For now, California-based retailers and manufacturers who sell clothing to partners in the state will not have to abide by the regulations outlined in AB 2379, but the initiative is gaining momentum in other areas of the country.

With a close resemblance to AB 2379, New York’s Assembly Bill 10599 requires all clothing sold in the state that is manufactured using more than 50 percent synthetic materials to include additional labeling regarding potential microfiber pollution resulting from machine washing. Led by Assembly Member and Assistant Speaker Félix Ortiz, the bill was created in an effort to inform customers that the apparel they purchase could potentially shed microfibers upon washing if it’s made of mostly synthetic materials.

“California is usually one of the most progressive states with these issues, which are very complex. I was disappointed [California’s AB 2379 didn’t pass],” Ortiz said. “New York is still in session, and I am hopeful to bring it to the finish line, to the floor. We have another six days left in session.”

Despite the failure of AB 2379 to progress into law in California, there is no denying that it has inspired legislators in other states to take notice. For these politicians, it isn’t simply about having laws passed in their own states. They are interested in shifting regulations on a national level.

“We’ve been working together to have a united bill. We are trying to reach out to legislators around the country,” Ortiz said.

In Connecticut, State Senator Ted Kennedy Jr. led a successful campaign to pass House Bill 5360, which is the first law in the nation aimed at curtailing potential environmental effects of microfibers shed from clothing.

While California’s AB 2379 and New York’s Assembly Bill 10599 require additional labeling on clothing sold in those states, Connecticut’s law took steps to create a group of representatives from the apparel industry and environmental organizations. The council will develop solutions for consumer awareness of this issue and make recommendations to the Connecticut Environment Committee prior to January 2019. At that time, the next session will begin and additional legislation will be considered.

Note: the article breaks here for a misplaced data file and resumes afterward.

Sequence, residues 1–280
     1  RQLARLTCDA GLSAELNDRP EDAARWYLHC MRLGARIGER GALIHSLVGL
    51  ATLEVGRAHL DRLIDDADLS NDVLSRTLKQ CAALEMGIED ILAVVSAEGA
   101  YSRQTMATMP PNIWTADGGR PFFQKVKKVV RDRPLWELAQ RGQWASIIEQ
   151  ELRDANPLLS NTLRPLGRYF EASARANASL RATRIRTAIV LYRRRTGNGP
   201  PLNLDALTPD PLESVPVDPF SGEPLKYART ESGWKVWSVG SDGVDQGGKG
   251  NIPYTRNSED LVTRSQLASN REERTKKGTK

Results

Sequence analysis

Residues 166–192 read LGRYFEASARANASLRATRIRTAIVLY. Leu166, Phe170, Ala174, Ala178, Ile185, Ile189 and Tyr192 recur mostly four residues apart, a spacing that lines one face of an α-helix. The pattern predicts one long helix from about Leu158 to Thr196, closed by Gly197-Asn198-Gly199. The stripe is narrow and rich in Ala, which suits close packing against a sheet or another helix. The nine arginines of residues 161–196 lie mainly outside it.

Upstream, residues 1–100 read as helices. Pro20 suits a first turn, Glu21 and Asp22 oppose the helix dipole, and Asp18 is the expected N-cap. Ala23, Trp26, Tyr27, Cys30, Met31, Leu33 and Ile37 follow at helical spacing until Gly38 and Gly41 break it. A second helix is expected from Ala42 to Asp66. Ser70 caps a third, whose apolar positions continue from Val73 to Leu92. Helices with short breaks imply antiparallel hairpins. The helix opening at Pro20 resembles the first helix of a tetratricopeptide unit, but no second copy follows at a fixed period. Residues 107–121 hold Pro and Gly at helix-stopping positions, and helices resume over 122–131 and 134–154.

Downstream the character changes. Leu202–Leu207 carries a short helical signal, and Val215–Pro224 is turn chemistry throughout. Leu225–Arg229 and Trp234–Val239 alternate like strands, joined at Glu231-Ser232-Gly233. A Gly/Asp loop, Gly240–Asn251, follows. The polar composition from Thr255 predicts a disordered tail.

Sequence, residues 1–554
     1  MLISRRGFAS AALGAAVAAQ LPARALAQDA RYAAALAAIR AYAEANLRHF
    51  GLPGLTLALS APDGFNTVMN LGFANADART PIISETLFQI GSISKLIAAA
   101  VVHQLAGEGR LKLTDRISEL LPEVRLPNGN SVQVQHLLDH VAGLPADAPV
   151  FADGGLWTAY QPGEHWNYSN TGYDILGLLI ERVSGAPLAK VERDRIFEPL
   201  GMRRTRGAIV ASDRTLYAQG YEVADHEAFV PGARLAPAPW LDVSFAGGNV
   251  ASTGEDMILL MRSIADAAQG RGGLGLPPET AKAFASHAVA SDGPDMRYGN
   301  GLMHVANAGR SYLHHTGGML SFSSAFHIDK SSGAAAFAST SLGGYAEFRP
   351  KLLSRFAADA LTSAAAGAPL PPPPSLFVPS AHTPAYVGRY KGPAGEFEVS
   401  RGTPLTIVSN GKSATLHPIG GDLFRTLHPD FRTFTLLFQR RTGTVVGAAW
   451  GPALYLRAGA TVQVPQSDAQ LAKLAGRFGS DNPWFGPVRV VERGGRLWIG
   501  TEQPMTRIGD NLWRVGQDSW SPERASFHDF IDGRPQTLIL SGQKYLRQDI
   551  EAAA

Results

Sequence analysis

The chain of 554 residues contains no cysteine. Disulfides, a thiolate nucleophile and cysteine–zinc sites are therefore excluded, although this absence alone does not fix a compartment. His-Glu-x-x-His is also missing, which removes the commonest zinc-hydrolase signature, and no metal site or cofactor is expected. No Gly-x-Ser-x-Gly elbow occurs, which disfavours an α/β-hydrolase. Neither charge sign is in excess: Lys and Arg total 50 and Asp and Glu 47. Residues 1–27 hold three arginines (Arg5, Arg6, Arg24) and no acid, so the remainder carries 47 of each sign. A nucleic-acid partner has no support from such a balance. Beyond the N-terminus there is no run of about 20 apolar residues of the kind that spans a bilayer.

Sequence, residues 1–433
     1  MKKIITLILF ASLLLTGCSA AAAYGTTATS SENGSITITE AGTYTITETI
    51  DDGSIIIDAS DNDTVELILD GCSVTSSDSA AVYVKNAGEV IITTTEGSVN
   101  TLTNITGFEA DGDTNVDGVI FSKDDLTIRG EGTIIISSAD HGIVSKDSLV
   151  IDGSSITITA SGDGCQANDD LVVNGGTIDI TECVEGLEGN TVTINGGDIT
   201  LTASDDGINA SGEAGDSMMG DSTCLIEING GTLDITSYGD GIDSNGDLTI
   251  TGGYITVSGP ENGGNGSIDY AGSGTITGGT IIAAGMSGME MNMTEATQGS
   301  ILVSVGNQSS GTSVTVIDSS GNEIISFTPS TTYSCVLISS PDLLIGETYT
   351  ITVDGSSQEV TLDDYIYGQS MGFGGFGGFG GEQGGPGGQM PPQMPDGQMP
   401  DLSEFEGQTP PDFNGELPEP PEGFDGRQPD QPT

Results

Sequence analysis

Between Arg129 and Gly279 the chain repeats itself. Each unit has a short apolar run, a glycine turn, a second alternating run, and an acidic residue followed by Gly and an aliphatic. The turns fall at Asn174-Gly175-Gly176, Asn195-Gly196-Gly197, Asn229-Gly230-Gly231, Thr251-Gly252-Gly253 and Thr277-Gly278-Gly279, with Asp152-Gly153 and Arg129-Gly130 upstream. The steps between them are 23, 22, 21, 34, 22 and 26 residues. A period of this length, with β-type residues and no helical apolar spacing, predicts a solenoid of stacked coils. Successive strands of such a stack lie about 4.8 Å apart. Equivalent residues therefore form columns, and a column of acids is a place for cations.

“We need to engage the apparel industry to help Connecticut develop a consumer-awareness and microfiber-reduction action plan,” Kennedy said in a statement after the legislation was passed.

If the current trend continues, the apparel industry will continue to see additional microfiber-pollution legislation arise at the state level throughout the country. As representatives from the apparel industry continue to monitor these bills, working with legislators to promote more environmentally sound practices isn’t the problem cited by some fashion insiders. The issue is the method some politicians are promoting.

“We have urged lawmakers to refrain from taking action on legislation such as AB 2379 or similar bills in New York until research develops a supported solution to the microfiber issue,” Lamar said. “Even with better research, we remain skeptical that a label is the right approach. Labels would only add costs and confusion without solving the underlying issue.”